Antimicrobial Stewardship Terms and Definitions


Antibiotic—a chemical substance produced by a microorganism that has the capacity, in dilute solutions, to inhibit the growth of or to kill other microorganisms. Often used interchangeably with “antimicrobial agent.”4

Antimicrobial—an agent that kills microorganisms or suppresses their multiplication or growth. This includes antibiotics and synthetic agents. Often used interchangeably with “antibiotic.”4

Antimicrobial resistance—a property of microorganisms that confers the capacity to inactivate or elude antimicrobials or a mechanism that blocks the inhibitory or killing effects of antimicrobials.4

Extralabel—actual use or intended use of a drug in a manner that is not in accordance with the approved labeling. This includes, but is not limited to, use in species not listed in the labeling, use for indications (disease or other conditions) not listed in the labeling, use at dosage levels, frequencies, or routes of administration other than those stated in the labeling, and deviation from the labeled withdrawal time based on these different uses.

Intrinsic resistance—inherent or innate (not acquired) antimicrobial resistance, which is reflected in all or almost all representatives of a bacterial species.19

Minimal inhibitory concentration (MIC)—the lowest concentration of an antimicrobial agent that prevents visible growth of a microorganism in an agar or broth dilution susceptibility test.19

Monitoring—includes periodic health surveillance of the population or individual animal examination. Therapeutic—treatment, control, and prevention of bacterial disease.4

Antimicrobial prevention of disease (synonym: prophylaxis):

  1. Prevention is the administration of an antimicrobial to an individual animal to mitigate the risk of acquiring disease or infection that is anticipated based on history, clinical judgment, or epidemiological knowledge.
  2. On a population basis, prevention is the administration of an antimicrobial to a group of animals, none of which have evidence of disease or infection, when transmission of existing undiagnosed infections, or the introduction of pathogens, is anticipated based on history, clinical judgment, or epidemiological knowledge.

Antimicrobial control of disease (synonym: metaphylaxis):

  1. Control is the administration of an antimicrobial to an individual animal with a subclinical infection to reduce the risk of the infection becoming clinically apparent, spreading to other tissues or organs, or being transmitted to other individuals.
  2. On a population basis, control is the use of antimicrobials to reduce the incidence of infectious disease in a group of animals that already has some individuals with evidence of infectious disease or evidence of infection.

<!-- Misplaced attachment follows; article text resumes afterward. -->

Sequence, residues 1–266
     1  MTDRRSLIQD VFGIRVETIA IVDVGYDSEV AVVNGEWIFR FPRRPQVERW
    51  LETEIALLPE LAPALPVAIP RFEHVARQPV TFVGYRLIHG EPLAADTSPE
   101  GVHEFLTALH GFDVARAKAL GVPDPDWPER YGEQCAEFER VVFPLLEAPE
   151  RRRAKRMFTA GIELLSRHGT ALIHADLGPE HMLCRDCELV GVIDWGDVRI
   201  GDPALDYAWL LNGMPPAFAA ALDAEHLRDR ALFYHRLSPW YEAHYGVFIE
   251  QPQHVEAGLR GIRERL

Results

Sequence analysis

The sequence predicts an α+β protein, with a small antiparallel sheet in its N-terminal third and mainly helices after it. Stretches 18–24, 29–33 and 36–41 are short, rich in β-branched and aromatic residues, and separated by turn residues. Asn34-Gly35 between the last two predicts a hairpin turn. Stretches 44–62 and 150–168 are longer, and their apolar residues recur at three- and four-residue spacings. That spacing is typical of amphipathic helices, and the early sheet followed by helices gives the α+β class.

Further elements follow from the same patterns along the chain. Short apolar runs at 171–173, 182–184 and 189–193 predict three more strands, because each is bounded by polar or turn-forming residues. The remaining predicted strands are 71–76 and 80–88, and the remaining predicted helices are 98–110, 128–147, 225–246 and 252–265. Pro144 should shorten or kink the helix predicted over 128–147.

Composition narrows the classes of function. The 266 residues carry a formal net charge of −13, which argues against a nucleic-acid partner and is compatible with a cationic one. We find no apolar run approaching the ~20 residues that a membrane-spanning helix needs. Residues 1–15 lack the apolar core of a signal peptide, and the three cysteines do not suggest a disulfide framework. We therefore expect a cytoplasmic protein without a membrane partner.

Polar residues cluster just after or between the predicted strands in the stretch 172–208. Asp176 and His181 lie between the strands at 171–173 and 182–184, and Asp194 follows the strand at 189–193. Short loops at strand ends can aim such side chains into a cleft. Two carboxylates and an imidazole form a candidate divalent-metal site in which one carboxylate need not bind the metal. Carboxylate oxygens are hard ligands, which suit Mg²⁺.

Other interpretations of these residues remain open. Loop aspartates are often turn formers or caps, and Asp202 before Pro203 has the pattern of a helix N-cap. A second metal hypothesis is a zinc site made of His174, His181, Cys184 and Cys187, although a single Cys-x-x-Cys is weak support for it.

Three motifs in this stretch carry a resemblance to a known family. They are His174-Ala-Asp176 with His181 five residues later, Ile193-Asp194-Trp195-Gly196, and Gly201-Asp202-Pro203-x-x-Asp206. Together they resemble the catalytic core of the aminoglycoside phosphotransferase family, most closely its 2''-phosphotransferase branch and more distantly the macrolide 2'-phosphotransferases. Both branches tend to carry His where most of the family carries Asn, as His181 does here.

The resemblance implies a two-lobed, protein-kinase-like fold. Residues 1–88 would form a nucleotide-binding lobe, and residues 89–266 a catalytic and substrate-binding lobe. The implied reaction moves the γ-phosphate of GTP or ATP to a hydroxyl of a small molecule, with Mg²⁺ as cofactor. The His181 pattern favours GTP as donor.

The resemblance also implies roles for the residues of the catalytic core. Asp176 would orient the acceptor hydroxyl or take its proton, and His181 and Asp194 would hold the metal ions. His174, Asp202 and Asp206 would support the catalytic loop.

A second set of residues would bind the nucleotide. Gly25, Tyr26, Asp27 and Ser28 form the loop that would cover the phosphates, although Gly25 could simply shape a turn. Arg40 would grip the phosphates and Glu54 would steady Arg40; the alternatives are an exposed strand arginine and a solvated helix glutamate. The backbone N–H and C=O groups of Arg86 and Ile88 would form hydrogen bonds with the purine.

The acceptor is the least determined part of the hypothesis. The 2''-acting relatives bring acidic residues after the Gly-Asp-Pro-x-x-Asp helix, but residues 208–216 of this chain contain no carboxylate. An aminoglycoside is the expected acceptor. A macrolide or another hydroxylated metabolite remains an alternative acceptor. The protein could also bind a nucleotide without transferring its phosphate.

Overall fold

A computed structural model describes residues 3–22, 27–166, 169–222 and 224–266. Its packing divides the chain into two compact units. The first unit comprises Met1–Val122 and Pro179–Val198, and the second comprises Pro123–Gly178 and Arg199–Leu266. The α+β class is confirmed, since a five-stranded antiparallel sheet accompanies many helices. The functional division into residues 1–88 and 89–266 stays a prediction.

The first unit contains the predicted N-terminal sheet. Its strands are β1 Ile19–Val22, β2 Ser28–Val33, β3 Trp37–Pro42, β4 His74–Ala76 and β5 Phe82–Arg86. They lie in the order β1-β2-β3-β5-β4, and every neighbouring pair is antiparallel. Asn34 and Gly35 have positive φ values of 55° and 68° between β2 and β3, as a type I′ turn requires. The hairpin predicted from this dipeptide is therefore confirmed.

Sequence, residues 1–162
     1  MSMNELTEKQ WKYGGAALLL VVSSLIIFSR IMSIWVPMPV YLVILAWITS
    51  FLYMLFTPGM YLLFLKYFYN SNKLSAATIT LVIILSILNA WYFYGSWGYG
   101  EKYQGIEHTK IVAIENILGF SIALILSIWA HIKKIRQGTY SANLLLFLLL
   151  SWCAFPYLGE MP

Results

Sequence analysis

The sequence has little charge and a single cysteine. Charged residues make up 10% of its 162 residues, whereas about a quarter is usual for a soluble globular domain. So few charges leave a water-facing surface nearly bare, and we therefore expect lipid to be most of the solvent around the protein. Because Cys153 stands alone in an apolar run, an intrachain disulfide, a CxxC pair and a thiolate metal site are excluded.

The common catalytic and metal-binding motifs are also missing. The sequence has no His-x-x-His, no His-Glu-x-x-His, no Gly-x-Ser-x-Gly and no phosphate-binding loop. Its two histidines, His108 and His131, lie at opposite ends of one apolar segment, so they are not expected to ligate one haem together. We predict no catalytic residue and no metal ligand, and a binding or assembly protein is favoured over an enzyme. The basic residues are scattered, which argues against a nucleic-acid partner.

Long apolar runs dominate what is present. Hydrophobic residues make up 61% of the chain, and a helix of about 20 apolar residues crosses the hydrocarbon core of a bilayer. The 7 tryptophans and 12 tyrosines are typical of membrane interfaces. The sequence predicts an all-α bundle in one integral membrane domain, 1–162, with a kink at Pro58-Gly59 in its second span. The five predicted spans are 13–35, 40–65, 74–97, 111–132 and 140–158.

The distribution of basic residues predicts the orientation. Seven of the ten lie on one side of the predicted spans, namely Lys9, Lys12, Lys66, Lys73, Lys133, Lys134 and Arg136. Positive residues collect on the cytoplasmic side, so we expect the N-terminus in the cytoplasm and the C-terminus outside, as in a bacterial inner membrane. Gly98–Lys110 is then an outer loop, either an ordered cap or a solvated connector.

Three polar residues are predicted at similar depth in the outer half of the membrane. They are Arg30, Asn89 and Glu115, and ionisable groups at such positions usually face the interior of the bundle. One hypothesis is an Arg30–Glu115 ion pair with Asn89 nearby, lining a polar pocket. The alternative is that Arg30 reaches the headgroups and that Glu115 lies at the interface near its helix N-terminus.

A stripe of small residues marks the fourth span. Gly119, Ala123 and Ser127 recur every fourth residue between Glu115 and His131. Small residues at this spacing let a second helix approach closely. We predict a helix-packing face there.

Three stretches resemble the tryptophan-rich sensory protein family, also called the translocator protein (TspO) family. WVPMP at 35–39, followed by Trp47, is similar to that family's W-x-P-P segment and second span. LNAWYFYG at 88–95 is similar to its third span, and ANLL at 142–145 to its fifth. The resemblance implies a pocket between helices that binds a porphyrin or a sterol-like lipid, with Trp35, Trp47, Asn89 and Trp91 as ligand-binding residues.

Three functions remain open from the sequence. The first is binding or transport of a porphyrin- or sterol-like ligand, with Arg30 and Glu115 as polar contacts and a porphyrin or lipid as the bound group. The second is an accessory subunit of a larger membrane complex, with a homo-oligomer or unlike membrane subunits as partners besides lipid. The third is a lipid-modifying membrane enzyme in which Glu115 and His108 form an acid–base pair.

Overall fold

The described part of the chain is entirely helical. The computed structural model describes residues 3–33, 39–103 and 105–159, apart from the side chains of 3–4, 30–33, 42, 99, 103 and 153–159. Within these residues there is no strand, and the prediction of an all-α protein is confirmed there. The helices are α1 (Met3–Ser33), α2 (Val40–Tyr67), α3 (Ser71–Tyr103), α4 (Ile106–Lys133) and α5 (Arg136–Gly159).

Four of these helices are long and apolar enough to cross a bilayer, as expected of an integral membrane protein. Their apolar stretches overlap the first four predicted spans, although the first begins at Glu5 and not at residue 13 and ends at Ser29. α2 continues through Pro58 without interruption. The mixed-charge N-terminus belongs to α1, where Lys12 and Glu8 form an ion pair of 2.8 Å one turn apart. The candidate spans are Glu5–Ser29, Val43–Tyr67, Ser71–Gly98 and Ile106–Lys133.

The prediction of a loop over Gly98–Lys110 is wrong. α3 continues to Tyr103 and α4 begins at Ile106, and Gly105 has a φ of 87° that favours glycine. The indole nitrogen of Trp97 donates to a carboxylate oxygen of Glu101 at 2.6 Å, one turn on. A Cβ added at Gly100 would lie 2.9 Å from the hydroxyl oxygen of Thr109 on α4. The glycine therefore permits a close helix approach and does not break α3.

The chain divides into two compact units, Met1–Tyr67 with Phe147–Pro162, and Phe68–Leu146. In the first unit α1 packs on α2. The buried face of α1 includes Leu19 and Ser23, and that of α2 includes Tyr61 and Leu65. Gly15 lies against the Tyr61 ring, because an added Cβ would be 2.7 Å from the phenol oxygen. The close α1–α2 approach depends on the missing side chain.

Antimicrobial treatment of disease:

  1. Treatment is the administration of an antimicrobial as a remedy for an individual animal with evidence of infectious disease.
  2. On a population basis, treatment is the administration of an antimicrobial to those animals within the group with evidence of infectious disease.

Antimicrobial time-out—an active reassessment of an antimicrobial prescription 48–72 hours after first administration to allow medical staff to take into account laboratory culture and susceptibility testing results and the patient’s response to therapy and current condition.8

Watchful waiting—an approach to patient care in which the veterinarian believes a patient’s illness will likely resolve on its own but remains vigilant in case an antibiotic is later needed. The pet owner is provided with instructions on when and why to follow up with the veterinarian and given recommendations for nonantibiotic approaches to improve the patient’s comfort.8

Veterinarian/Client/Patient Relationship (VCPR)—a VCPR exists when all of the following conditions have been met:

  1. The veterinarian has assumed the responsibility for making clinical judgments regarding the health of the animal(s) and the need for medical treatment, and the client has agreed to follow the veterinarian’s instructions.
  2. The veterinarian has sufficient knowledge of the animal(s) to initiate at least a general or preliminary diagnosis of the medical condition of the animal(s). This means that the veterinarian has recently seen and is personally acquainted with the keeping and care of the animal( s) by virtue of an examination of the animal(s) or by medically appropriate and timely visits to the premises where the animal(s) are kept.
  3. The veterinarian is readily available for follow-up evaluation, or has arranged for emergency coverage, in the event of adverse reactions or failure of the treatment regimen.

*IDEXX Laboratories, Inc. and Zoetis generously supported the development of the 2022 AAFP/AAHA Antimicrobial Stewardship Guidelines and resources through an educational grant to AAHA.